- Associated Press - Friday, May 26, 2017

PORTLAND, Ore. (AP) - A study has found that an early learning program at Portland Public Schools has been successful.

The three-week pre-kindergarten program is aimed at students whose primary language is not English and did not attend preschool prior to entering grade school. It’s offered for free at about a dozen high-poverty schools in the district during the summer.

Multnomah County Partnership For Education researchers followed 450 students who participated in the program throughout a five-year period.

The study found that the participants had higher attendance rates and better literacy skills than others who did not join the program, The Oregonian/OregonLive reported (https://bit.ly/2qjZeE5 ) Wednesday. The students continued to perform well in later years, according to the study.

The study’s lead researcher Beth Tarasawa said students with low attendance and reading skills are more likely to become dropouts, so the findings on the program were exciting.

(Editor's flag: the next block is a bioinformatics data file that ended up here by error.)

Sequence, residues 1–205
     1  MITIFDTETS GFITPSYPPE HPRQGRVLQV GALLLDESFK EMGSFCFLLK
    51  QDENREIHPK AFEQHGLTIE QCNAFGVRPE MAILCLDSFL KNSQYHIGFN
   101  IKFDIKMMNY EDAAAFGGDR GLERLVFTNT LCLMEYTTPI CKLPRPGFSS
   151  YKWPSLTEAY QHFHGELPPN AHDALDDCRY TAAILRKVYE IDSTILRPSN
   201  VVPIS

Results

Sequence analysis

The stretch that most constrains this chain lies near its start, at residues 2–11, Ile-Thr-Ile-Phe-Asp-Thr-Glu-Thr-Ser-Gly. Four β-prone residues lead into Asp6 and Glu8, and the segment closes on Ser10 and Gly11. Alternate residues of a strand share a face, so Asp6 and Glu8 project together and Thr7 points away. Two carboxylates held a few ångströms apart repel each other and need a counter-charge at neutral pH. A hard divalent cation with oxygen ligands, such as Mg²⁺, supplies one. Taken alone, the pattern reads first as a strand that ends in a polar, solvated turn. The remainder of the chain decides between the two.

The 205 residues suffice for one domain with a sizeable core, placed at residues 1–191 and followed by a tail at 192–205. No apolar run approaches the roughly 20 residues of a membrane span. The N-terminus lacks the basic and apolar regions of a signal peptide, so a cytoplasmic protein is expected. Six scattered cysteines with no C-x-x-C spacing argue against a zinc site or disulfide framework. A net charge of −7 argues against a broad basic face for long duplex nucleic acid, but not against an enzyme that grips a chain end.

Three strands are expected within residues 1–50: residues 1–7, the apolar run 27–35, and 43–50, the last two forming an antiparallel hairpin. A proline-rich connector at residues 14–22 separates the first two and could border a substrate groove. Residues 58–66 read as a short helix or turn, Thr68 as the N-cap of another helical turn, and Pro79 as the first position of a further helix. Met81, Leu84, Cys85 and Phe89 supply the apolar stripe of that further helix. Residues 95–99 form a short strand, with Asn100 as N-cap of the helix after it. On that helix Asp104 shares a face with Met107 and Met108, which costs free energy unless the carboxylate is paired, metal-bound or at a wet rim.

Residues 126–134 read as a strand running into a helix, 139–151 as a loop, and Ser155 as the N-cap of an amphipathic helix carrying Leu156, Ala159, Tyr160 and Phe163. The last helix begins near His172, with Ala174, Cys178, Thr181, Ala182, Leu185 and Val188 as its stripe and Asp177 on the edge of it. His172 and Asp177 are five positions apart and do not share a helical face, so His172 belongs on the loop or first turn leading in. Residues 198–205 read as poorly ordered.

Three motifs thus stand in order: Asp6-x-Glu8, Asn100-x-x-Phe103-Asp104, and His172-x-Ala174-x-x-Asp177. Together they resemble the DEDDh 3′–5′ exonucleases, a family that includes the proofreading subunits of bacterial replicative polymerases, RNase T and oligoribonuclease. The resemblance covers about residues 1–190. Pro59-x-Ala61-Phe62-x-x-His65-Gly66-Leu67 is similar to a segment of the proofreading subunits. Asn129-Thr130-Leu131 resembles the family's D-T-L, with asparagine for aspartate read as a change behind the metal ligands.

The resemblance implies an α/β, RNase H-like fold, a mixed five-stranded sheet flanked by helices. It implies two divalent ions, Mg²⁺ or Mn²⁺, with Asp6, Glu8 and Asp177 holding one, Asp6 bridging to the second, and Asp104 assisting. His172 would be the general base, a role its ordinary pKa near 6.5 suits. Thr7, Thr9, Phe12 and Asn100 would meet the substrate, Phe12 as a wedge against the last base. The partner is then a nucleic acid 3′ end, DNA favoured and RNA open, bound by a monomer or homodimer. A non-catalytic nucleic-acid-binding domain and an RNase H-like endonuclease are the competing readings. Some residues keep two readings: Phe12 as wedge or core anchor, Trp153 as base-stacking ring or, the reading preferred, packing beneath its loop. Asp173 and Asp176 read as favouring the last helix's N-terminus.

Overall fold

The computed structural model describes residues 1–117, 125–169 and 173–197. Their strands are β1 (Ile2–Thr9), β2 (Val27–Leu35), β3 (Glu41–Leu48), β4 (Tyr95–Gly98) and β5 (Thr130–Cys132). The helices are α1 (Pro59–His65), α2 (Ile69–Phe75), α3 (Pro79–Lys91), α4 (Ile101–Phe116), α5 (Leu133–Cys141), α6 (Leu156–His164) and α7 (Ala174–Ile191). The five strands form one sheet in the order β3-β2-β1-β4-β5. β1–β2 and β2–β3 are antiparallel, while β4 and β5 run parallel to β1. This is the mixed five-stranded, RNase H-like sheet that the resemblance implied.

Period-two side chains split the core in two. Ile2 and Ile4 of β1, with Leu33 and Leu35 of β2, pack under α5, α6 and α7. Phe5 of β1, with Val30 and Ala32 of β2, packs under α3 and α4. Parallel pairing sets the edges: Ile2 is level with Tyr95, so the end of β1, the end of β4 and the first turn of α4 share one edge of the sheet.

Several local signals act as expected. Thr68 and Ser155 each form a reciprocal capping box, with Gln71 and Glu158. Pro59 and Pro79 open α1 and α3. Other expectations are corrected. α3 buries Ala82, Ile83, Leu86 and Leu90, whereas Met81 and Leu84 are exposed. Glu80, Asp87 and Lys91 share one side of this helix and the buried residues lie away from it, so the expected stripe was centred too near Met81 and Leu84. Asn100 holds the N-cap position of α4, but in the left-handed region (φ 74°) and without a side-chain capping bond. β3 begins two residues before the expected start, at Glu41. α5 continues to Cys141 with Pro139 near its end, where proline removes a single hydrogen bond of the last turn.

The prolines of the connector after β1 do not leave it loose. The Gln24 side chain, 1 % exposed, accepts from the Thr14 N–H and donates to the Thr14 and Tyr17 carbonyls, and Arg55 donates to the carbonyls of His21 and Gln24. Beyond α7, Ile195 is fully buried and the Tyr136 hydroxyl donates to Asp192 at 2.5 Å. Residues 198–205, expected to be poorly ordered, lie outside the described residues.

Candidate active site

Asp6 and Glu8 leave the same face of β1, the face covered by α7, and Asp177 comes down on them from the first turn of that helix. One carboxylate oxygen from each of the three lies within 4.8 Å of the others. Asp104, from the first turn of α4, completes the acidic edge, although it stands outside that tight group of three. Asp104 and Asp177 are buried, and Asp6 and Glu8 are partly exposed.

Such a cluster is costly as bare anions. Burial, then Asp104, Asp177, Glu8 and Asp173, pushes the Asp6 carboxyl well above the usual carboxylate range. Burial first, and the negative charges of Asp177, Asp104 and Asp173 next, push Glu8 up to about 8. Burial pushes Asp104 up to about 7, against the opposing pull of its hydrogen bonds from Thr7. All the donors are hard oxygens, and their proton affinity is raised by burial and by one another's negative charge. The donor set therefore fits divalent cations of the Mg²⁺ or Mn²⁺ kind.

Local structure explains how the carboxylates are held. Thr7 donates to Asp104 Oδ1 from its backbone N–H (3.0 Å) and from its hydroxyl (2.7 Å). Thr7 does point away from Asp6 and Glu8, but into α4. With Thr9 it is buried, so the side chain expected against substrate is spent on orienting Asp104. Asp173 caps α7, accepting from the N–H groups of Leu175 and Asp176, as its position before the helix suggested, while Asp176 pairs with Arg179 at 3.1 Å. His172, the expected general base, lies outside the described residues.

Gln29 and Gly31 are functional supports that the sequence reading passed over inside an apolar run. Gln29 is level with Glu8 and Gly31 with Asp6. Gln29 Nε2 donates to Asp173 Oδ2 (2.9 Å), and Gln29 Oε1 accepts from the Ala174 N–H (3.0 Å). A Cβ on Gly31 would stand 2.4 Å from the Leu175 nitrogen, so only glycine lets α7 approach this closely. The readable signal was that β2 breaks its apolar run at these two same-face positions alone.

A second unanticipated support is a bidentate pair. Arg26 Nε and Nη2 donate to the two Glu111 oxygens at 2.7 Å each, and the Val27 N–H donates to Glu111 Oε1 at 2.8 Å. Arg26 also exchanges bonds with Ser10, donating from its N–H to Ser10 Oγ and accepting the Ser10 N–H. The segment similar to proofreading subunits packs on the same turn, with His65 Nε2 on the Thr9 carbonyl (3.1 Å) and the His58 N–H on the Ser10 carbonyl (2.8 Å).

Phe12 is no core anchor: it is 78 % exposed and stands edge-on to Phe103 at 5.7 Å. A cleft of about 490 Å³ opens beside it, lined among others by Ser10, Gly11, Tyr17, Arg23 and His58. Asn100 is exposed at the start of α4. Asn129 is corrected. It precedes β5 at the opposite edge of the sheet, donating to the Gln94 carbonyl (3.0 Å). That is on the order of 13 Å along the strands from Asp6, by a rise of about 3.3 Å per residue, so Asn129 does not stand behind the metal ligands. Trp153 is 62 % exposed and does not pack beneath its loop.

The district had begun the program in 2010 when teachers noticed that students who hadn’t gone through preschool or head start were struggling to transition to school.

Students in the program are given daily morning kindergarten training with a teacher from their school. Program officials also meet with parents twice a week to go over how to support the students at home.

Portland mother Ngoc Nguyen put her younger son into the program so that he would feel more comfortable in school and so she could connect with other parents.

Her son’s worries about school went away after the program, and she wishes it had been around when her first child entered school.

“My son didn’t know anything about school,” Nguyen said. “He was so unsure and kind of afraid. After, he really liked it. They helped him step by step know the rules and routine every day.”

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Information from: The Oregonian/OregonLive, https://www.oregonlive.com


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